Contrary to popular belief, keyboards come in various shapes and sizes; some less practical than others. However, the most common form factors include full-size, Tenkeyless, and 60% percent keyboards. The diagram below illustrates the aforementioned form factors:

Once you finally decide on getting a 60% keyboard, you realize that your options are quite limited in Pakistan since the market is dominated by Corsair, Razer, Logitech, HyperX, and terrible Chinese knockoffs.

Therefore, your best bet is Aliexpress or paying a premium to retailers.

According to us, these are the best 60% keyboards in the market:


4. Motospeed CK61 Kailh Box White – Rs. 6,975 ($45)

Motospeed keyboards usually come with Outemu switches, which is why they are exceptionally cheap and make for a good budget option.

However, the CK61 comes with Kailh Box Whites which are clicky blue switches. If you’re looking for loud clicky switches, then these are among the best.

For 45$, you get:

-Kailh Box White switches

-Bright RGB

-Study build quality

However, it does have some major flaws:

-The layer system is horrible and unintuitive, which can make daily use cumbersome.

-No RGB customization apart from the preset modes.

-Cheap ABS keycaps.

-Wobbly stabilizers.

-Unorthodox cable placement which takes away the option to use custom cases.

If you don’t really care much about Kailh Box Switches, you can skip on this one as the pitfalls do not outweigh the benefit of having Box Whites at such a low price range.


3. GK61 – Rs.6,000 ($38.21)

When it comes to bang-for-buck, the GK61 sweeps the floor with the other offerings. For under $40, you get:

-A true mechanical keyboard with Gateron switches (Red, Blue, Brown, or Blacks.

-Fully addressable RGB

-PBT Keycaps

-Ability to change the switches.

-Built in Microphone for music visualization.

However, the GK61 does have few cons which could be a deal breaker for some:

-Convoluted software to program the RGB and layers.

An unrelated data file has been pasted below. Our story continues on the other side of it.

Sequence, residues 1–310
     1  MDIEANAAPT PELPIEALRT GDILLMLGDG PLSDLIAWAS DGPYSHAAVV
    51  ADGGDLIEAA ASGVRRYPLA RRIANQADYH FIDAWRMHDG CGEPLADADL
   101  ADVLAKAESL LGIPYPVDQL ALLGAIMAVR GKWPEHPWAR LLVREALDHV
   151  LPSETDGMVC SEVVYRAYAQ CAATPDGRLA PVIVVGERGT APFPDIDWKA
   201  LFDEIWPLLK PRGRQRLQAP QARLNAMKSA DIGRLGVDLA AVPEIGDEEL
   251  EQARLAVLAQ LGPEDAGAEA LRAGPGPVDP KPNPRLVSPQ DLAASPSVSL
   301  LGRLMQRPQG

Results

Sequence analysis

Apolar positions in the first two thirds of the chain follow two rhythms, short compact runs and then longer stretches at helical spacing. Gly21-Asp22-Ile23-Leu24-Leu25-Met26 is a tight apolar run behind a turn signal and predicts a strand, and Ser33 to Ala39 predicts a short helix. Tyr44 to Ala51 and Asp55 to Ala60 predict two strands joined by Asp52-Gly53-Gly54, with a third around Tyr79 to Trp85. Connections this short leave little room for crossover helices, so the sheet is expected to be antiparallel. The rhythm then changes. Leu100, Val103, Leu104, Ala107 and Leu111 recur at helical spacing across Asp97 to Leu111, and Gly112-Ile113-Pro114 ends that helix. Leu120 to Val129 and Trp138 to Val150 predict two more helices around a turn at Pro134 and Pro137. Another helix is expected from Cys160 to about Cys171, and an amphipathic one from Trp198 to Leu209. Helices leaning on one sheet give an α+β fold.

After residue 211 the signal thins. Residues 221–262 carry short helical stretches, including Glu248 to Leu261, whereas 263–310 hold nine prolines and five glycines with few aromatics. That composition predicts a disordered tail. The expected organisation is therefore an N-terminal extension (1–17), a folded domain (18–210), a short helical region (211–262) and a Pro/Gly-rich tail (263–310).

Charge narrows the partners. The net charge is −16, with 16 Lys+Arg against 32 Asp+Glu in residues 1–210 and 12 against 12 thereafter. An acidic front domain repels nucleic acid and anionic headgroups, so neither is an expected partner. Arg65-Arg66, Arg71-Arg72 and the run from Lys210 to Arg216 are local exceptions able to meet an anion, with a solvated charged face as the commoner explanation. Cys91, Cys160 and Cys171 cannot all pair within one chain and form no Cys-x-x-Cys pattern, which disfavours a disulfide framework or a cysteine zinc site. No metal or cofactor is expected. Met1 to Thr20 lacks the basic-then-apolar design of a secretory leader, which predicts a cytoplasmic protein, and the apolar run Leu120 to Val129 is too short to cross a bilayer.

-The font on the stock keycaps isn’t visually pleasing.

-You can only hot-swap optical switches.


2. GK64 – Rs. 9,300 ($60)

The GK64 is essentially the bigger and more expensive brother of the GK61. It has a slightly different layout to accommodate the dedicated arrow keys. Contrary to the GK61, it supports normal mechanical switches which allows you to swap out the Gaterons with Kailhs, Zealios, Inks, or even CherryMX switches if you’re a shill. However, the keycaps on the GK64 are ABS plastic opposed to the PBT on the GK61.


1. Anne Pro 2 – 12,000 ($75)

The Anne Pro 2 by Obins lab is constantly put up against high end keyboards like DuckyOne2 Mini and the Vortex Gear Pok3r, which illustrates how good this sub $100 keyboard really is.

For <$80, you get:

-A well built keyboard.

-Complete RGB with a clean software to customize it.

-PBT Double Shot Keycaps.

-Option to choose between Gateron, Kailh Box, and Cherry MX switches.

-Ability to use the keyboard as a steering wheel in games.

-Wireless Capability

-A proper layer system

-Extra Colored keycaps but bear in mine those aren’t PBT.

However, even the Anne Pro 2 has various drawbacks and issues that you need to to bear in mind prior to making a purchase.

In terms of drawbacks, the Anne Pro 2 isn’t hot swappable, so you’re stuck with one type of switches unless you know how to desolder. Furthermore, the early batches had various quality issues associated with them, so try to buy those models which have AnnePro written underneath opposed to Obins.

You can purchase the Anne Pro 2 from here

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